How Narendra Modi of India Plans to Wipe Out ‘Black Money’
MUMBAI, India — In one of the most audacious experiments in India’s modern history, Prime Minister Narendra Modi banned the two largest bills — of 500 rupees, or about $7.50, and 1,000 rupees — which account for about 86 percent of the currency in a country where 78 percent of financial transactions are done in cash.
Under the plan, people are allowed to exchange the old bills for new ones of 500 and 2,000 rupees, but only at banks or post offices, where their exchanges will be monitored and anyone with a large amount of cash will have to explain its source. The changes, meant to combat corruption and tax avoidance, have thrown the country into chaos. Here are answers to a few basic questions about the changes.
Why did the government remove the bills from circulation?
The idea was to expose and penalize people holding huge amounts of cash they could not account for, primarily money on which taxes have not been paid. Most of the so-called black money is held in 500- and 1,000-rupee notes. Someone who goes to a bank or post office with more than 250,000 rupees in cash, or about $3,700, has to explain the source of the money to the tax authorities.
People who can explain how they earned the money and show that taxes were paid can keep it. But those without a good explanation will have to answer to the tax authorities.
Isn’t that disruptive?
It is. Overnight, people found themselves lacking the currency for basic transactions, like buying food, fuel and other necessities. Retail businesses came to a standstill because people hoarded the little cash they had for food and other needed supplies.
To avoid tipping off tax cheats, the government did not print the new bills until after the announcement, nor did it recalibrate automated teller machines to dispense the new 500- and 2,000-rupee notes. Long lines formed at the few A.T.M.s that were operating, and many ran out of bills, infuriating those who had stood in line for hours.
Since then, the printing presses have churned out more than $40 billion in currency, but the government was initially forced to limit A.T.M. withdrawals to 2,000 rupees, or about $30, at a time. The limits are now 2,500 rupees per A.T.M. withdrawal and 24,000 a week from a bank. The government says it will take three weeks to recalibrate India’s estimated 200,000 A.T.M.s.
Is black money really that big a problem?
Unaccounted-for cash, or black money, is a huge problem for the country, because it keeps money out of banks where it could be lent to others, helping businesses grow and driving economic growth. Black money also sharply reduces the taxes collected by the government, and hence services available to the public.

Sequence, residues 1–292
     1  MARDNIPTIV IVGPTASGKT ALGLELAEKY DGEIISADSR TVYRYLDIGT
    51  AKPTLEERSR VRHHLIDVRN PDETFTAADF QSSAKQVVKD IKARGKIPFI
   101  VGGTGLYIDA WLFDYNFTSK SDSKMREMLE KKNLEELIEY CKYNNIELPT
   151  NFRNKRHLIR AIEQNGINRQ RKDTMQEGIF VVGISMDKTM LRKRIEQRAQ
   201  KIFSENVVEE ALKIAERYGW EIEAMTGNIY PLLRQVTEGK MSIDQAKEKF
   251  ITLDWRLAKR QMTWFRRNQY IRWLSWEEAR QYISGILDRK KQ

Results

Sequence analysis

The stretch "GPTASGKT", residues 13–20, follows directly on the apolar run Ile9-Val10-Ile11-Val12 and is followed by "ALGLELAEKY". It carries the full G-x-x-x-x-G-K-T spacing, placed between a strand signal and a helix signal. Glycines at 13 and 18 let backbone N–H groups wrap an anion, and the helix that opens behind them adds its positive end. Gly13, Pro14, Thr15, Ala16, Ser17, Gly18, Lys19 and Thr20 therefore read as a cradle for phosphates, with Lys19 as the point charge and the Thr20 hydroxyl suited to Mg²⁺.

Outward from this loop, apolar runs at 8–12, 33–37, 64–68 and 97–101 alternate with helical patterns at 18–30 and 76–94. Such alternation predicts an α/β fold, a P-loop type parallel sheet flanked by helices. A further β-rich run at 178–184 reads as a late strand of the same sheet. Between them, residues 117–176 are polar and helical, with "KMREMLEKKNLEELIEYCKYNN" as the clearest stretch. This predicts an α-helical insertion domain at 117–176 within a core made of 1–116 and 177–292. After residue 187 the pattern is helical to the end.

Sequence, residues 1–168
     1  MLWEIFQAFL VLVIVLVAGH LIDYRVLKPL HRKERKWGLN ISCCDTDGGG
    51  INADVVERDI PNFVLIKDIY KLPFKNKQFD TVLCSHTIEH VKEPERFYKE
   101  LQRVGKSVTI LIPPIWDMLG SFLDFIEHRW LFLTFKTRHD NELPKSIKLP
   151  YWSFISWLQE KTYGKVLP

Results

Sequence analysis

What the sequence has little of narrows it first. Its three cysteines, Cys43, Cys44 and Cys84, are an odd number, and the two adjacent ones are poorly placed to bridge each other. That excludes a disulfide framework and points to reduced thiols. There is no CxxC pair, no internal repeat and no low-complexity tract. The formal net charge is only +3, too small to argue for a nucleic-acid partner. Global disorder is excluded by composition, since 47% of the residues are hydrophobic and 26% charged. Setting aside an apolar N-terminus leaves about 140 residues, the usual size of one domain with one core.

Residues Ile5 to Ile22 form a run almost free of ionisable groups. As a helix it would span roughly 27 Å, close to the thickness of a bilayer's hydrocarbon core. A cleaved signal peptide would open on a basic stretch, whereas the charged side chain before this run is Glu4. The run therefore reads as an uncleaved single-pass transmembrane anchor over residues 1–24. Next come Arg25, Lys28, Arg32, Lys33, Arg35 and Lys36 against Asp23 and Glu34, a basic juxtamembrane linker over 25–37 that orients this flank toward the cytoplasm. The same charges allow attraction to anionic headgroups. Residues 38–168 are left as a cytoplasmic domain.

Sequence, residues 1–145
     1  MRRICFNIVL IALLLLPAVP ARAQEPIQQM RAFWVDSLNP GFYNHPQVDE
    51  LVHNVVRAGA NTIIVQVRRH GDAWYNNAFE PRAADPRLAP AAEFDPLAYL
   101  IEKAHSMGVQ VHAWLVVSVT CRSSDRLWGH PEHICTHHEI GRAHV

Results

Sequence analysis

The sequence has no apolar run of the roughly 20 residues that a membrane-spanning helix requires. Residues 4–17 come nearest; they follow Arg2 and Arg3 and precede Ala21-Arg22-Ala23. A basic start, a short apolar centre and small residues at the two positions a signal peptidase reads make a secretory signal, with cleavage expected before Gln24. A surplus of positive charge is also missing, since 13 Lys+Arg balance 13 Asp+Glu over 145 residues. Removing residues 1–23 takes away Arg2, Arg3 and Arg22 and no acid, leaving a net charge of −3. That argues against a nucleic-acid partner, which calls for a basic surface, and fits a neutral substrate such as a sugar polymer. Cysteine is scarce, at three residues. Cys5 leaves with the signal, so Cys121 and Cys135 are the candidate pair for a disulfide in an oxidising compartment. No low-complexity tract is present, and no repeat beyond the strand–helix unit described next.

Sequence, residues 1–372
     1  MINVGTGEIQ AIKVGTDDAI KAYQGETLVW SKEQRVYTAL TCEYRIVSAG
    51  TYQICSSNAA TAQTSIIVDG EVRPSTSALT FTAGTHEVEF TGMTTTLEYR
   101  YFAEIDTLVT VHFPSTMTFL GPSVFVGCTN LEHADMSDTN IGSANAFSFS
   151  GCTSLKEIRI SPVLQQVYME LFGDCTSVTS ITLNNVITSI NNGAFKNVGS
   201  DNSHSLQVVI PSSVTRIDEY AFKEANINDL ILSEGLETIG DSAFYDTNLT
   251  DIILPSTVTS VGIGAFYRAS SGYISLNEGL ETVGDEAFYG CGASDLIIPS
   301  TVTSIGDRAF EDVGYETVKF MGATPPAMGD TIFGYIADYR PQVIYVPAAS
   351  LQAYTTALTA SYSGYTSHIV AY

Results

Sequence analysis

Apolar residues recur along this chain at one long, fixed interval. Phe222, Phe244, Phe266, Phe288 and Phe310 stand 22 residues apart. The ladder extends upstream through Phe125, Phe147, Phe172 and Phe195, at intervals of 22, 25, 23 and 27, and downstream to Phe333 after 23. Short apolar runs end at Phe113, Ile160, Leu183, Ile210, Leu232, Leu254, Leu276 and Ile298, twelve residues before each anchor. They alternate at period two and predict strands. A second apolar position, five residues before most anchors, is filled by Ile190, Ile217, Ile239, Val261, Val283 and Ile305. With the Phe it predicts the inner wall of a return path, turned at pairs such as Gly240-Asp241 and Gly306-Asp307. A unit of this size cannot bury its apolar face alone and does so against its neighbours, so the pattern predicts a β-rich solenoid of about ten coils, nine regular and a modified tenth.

About a third of business in India is done with black money. In a heavily regulated economy, businessmen frequently bribe government officials into giving them licenses and other approvals. Government officials invest much of this money in real estate, then understate the amount they actually paid. So not only is the property purchased with black money, but the sellers pay less tax than they should because the prices have been understated. Routine transactions, like paying a hairdresser, are largely carried out off the books to avoid paying taxes.
Won’t people just start hoarding the new bills?
Economists say that in order to work, the plan has to inflict enough pain on tax avoiders that they change their behavior. If people are motivated to keep their money in banks, more will be available for lending and people will become accustomed to paying taxes.
But because many poor Indians do not have bank accounts or credit cards, the government could not dispense altogether with cash. If the public continues to hold most of its savings in the new notes, India may well find itself dealing with the same problem. Regardless, most economists believe that wiping out black money will also require an aggressive approach on the endemic bribery that propels the system.
Will Mr. Modi pay a political price?
Indians have exhibited remarkable patience with the currency ban, but only on the promise that it will actually accomplish what he says it will and the government can quickly get the new bills into circulation. The government is working feverishly to distribute them, but lines and public frustration are growing.
As business has been strangled by a lack of bills for routine transactions, there has even been concern that the currency ban will slow the economy.
If the inconvenience continues for more than a few days, public support for Mr. Modi could turn to fury toward him. And the ban could end up substantially damaging Mr. Modi’s own promise of jobs and economic development.